Ntseki’s charges outplayed Mali, knocking the ball around with ease and playing with a lot of creativity that wasn’t around under previous Bafana coach Stuart Baxter who focused more on defending than attacking.
Bafana looked deadly going forward in the 2-1 win in the Nelson Mandela Challenge in what was coach Ntseki’s first match in charge of the team. The defence looked solid even though it was put under the cosh in the second half when the players took their foot off the pedal. Ntseki has to build on the positives and address the team’s shortcoming ahead of their first major test when they take on Ghana in a 2021 Africa Cup of Nations qualifier next month.
“We wish him the very best, as always,” Komphela said. “He’s got our support and he must enjoy the moment. He must ride his understanding of South African players and the South African game. He must try and play the game that he believes in, a game that will benefit South Africa. There’s nothing as bad as being in an environment and you play according to how people expect you to play but it’s not you and when you lose, you blame yourself. He must be himself and enjoy the moment because he is a part of the team’s history.”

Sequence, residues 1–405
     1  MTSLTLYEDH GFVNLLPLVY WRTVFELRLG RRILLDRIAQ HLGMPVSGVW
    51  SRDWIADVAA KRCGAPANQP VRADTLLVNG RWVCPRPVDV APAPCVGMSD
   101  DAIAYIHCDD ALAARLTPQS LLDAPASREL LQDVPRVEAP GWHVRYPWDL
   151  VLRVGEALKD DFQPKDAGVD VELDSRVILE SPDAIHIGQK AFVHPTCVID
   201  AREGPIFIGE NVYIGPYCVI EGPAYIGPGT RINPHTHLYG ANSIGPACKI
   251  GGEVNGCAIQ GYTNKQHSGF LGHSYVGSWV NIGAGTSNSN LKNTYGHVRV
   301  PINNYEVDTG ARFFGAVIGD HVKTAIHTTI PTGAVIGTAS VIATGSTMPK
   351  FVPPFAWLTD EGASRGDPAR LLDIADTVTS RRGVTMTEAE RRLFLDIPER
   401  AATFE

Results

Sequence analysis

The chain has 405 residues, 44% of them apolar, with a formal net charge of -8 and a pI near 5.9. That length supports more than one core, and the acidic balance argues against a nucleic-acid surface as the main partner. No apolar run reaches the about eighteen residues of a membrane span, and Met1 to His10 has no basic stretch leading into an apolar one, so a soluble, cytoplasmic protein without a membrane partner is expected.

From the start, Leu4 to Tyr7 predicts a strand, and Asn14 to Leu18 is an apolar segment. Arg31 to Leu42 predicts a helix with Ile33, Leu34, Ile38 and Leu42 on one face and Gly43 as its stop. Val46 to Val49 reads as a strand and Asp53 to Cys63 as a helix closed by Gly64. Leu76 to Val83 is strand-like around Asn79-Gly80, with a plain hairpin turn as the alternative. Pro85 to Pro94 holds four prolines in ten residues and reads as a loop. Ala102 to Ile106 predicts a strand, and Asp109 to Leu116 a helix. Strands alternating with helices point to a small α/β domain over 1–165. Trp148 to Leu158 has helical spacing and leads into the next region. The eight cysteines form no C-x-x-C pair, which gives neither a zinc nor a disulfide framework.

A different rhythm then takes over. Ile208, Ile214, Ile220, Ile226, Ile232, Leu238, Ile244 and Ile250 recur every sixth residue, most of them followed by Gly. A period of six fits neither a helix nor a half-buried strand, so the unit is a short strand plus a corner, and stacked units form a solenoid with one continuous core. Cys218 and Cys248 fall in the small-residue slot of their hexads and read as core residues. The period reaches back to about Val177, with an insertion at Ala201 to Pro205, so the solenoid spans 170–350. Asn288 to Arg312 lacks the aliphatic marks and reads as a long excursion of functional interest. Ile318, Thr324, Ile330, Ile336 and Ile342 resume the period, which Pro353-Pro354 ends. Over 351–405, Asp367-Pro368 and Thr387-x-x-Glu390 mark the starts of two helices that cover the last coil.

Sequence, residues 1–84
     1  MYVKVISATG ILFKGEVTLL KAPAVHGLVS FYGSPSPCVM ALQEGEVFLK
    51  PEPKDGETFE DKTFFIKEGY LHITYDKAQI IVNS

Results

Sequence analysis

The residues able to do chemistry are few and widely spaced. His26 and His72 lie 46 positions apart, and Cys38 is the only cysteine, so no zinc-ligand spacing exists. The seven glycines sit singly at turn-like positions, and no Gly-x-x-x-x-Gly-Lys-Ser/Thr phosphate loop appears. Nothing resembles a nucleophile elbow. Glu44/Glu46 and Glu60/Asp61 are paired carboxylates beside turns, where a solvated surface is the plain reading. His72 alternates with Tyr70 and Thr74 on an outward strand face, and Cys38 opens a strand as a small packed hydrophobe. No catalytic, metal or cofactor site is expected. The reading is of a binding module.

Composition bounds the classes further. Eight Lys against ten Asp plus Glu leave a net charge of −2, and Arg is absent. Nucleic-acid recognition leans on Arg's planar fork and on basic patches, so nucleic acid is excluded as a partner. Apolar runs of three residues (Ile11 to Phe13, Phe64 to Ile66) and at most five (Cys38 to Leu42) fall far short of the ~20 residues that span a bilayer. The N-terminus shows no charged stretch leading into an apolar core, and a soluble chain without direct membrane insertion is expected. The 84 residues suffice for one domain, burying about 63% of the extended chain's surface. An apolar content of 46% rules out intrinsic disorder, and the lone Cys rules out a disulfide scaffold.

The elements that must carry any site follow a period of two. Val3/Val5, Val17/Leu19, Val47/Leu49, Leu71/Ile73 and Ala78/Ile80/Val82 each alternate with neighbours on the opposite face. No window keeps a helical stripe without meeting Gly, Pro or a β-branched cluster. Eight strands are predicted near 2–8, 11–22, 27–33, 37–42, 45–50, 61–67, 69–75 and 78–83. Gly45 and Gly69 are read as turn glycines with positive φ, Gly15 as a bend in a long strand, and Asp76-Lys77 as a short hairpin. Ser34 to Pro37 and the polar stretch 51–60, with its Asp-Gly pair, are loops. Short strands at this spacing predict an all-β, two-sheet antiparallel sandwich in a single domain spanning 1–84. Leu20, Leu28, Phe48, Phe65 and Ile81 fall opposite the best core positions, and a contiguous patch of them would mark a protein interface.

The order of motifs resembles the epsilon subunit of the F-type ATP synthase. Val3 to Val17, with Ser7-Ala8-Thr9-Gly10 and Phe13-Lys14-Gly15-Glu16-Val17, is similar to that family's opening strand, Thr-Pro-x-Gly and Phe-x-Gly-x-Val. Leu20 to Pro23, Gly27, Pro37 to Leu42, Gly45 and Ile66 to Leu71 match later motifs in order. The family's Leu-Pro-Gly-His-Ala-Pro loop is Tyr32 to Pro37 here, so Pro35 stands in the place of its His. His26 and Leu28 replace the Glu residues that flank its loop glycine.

Ntseki’s rise to the job made sense, as he has worked with every junior national team and even helped with the women’s national teams. He also served as assistant to former Bafana coaches like Shakes Mashaba and Baxter. His lengthy period at Safa House and working with some of the current Bafana players at junior and senior level has made for a smooth transition.